be preferred that 1 is 1 because where more than one X- group is present, steric hindrance which interferes with the ability of X to bond with the substrate may occur. The units may also include one, or even two, Y groups. Examples are hydrogen, phenyl, C1 3 alkyl, e.g. methyl or ethyl, and C,.3 alkoxy such as methoxy or ethoxy. However, as indicated above m is preferably 2 or 3 and for best results, it is preferred that 1 is 1 and m is 3, in which case it will be understood that the units II will contribute to the crosslinking.
Examples of X groups having a Zerewitinoff hydrogen atom attached to a nitrogen atom are groups having the structure
-ENH2, -ENHE', - ECONH,, -ECONHE', -E-f NHE" ^NH, and E-(NHE"-jrk NHE"
where E and E" are each alkylene having at least 2 carbon atoms, e.g. ethylene or propylene, E' is alkyl e.g. having 1 to 6 carbon atoms, preferably methyl, ethyl or propyl, and k is a whole number e.g. 1, 2 or 3 or more.
Specific examples are ^ CH2 NH,, - CH, ^ NHCH3, -f CH^CONH,, - CH2- 3CONHCH3, - CH2 -)rNH- CH2-)rNH, and - CH2 )r(NHCH2CH2 2 NH2.
As stated above the nature of X' in structure III dictates the surface property provided by the layer and in one preferred embodiment, for the provision of non- wetting properties, even towards non-aqueous inks, X' is CF3Z- where Z is a divalent organic group. For enhanced stability, particularly as elevated temperatures, Z includes the group -CH2CH2- by which it is attached to the Si atom. In this embodiment, preferably X' has the structure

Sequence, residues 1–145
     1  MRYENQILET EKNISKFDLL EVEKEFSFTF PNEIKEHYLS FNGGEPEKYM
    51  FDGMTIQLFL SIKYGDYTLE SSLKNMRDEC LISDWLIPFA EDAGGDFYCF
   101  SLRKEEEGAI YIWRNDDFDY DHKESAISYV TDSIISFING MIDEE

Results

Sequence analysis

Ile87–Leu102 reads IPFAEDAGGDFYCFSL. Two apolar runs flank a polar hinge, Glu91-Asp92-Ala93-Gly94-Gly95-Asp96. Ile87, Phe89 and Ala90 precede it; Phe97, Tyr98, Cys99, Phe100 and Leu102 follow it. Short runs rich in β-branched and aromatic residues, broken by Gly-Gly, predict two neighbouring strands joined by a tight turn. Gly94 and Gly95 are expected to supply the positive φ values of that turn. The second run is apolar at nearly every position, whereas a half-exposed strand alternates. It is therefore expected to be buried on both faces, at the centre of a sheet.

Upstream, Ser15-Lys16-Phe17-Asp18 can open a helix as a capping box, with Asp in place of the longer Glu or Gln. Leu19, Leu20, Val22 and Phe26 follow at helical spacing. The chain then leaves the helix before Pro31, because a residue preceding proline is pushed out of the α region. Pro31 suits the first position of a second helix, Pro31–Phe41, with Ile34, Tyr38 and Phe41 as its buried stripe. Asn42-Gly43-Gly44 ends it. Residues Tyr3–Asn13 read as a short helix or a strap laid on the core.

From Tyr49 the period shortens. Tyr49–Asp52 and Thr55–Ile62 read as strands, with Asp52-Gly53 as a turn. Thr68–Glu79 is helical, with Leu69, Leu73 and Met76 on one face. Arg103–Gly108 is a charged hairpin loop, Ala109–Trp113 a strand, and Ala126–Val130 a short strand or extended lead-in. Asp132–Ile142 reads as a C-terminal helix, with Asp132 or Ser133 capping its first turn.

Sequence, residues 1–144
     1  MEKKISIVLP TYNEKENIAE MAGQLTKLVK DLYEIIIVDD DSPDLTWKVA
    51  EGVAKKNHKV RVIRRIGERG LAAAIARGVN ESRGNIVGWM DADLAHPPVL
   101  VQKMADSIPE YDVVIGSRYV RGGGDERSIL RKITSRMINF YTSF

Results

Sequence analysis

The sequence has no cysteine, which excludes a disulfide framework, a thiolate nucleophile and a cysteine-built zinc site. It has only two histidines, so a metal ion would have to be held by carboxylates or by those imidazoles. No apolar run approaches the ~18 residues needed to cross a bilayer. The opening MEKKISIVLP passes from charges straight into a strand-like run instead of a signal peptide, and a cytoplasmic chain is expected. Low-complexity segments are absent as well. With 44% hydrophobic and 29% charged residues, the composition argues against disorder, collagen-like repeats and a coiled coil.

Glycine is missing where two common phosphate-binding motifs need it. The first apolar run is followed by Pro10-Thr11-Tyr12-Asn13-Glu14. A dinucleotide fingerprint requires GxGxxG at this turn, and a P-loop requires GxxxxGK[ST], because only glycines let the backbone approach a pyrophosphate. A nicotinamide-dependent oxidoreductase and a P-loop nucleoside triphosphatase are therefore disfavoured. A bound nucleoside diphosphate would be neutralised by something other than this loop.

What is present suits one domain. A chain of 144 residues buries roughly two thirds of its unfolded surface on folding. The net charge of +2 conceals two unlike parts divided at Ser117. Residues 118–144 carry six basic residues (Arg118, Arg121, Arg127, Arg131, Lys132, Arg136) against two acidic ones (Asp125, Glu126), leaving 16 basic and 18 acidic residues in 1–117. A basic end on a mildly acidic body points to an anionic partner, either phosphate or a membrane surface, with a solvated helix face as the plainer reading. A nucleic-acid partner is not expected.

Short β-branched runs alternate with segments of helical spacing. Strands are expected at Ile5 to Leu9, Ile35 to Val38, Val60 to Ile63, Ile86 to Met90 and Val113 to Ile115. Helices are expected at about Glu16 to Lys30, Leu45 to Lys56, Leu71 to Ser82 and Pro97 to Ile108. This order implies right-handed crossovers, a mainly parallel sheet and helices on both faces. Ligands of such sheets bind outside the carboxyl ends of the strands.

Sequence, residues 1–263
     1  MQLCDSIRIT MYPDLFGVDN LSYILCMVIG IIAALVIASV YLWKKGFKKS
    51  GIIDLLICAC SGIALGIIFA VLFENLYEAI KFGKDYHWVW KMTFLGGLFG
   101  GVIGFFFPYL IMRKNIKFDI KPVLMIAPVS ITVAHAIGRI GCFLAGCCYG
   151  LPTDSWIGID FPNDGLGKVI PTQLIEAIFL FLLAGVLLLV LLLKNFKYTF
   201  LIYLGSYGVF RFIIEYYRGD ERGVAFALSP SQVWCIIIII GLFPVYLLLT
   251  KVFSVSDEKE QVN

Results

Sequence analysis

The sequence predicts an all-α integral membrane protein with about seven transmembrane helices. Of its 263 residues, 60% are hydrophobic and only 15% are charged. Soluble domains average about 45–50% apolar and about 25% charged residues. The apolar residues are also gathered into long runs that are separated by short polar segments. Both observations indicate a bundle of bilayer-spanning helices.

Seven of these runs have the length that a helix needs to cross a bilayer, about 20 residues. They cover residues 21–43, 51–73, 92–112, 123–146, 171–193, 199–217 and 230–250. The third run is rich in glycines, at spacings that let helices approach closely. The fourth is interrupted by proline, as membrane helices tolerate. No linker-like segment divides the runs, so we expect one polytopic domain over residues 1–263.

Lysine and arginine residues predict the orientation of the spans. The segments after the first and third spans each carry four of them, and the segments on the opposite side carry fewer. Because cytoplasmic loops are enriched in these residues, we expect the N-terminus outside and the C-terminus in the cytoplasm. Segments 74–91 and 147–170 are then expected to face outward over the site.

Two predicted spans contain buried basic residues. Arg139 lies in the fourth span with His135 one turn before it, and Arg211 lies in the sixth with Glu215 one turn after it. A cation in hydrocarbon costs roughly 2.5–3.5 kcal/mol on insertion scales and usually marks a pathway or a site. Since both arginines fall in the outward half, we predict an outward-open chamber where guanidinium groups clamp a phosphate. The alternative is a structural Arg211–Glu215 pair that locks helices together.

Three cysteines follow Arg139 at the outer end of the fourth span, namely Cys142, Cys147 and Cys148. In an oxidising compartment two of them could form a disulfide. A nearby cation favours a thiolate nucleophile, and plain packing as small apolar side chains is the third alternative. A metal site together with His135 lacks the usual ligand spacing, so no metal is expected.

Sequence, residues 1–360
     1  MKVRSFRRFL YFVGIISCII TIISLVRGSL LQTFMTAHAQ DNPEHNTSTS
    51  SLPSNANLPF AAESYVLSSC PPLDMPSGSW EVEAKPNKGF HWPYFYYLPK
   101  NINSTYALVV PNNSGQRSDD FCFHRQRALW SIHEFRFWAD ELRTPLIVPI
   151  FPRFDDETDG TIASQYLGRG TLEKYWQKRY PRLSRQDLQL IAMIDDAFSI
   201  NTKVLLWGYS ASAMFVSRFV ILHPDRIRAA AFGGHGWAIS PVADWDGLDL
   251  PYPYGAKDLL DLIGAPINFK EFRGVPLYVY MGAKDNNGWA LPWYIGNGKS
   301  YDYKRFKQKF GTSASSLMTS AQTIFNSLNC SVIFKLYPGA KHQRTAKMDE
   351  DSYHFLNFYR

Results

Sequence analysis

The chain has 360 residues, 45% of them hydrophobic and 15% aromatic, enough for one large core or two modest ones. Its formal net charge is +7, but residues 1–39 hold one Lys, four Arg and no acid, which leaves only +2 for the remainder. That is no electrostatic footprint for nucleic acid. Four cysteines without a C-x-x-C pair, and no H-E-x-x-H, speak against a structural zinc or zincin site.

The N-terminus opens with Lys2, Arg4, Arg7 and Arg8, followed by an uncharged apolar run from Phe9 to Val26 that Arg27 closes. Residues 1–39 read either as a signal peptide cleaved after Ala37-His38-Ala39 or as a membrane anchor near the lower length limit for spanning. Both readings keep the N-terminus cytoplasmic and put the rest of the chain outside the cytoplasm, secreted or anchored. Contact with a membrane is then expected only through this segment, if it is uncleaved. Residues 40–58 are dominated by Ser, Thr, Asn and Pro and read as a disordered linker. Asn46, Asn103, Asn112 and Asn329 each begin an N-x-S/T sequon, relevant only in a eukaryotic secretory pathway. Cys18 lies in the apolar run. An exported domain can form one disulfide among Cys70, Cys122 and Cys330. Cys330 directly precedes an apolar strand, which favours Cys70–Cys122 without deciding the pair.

where each A is F or CF3, D is a divalent atom or group, s is zero or a whole number, v is at least 2 and w is zero or one. D may be, for example, -CF2-, -CH2-, -O-, -S-, -SO2-, -CHQ-, -C(Q)2, -NH-, -NQ- or -CFH- where Q is a monovalent hydrocarbon group e.g. containing 1 to 6 carbon atoms.
Particular examples of this embodiment of X' have the structure
CFjf; CF2 ^ CH2-CH2- where s is from 0 to 12, especially 0 to 9, more especially 0,
3, 5, 7 or 9.
It has also been found however that non-wetting surfaces may also be obtained wherein one or more of the fluorine atoms in the group CF3Z- have been replaced by hydrogen atoms.